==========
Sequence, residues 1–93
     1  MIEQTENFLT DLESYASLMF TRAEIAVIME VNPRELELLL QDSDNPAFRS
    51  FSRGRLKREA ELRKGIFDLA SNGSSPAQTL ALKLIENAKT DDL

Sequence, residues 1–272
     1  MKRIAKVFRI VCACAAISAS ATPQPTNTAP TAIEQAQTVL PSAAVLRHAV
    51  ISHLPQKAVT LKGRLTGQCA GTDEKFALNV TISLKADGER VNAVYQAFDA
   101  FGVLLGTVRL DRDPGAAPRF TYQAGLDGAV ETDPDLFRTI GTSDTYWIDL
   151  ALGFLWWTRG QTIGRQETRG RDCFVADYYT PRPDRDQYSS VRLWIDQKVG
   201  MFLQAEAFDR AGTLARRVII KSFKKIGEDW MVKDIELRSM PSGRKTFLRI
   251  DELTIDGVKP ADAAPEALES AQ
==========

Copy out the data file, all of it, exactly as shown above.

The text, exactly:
Sequence, residues 1–93
     1  MIEQTENFLT DLESYASLMF TRAEIAVIME VNPRELELLL QDSDNPAFRS
    51  FSRGRLKREA ELRKGIFDLA SNGSSPAQTL ALKLIENAKT DDL

Sequence, residues 1–272
     1  MKRIAKVFRI VCACAAISAS ATPQPTNTAP TAIEQAQTVL PSAAVLRHAV
    51  ISHLPQKAVT LKGRLTGQCA GTDEKFALNV TISLKADGER VNAVYQAFDA
   101  FGVLLGTVRL DRDPGAAPRF TYQAGLDGAV ETDPDLFRTI GTSDTYWIDL
   151  ALGFLWWTRG QTIGRQETRG RDCFVADYYT PRPDRDQYSS VRLWIDQKVG
   201  MFLQAEAFDR AGTLARRVII KSFKKIGEDW MVKDIELRSM PSGRKTFLRI
   251  DELTIDGVKP ADAAPEALES AQ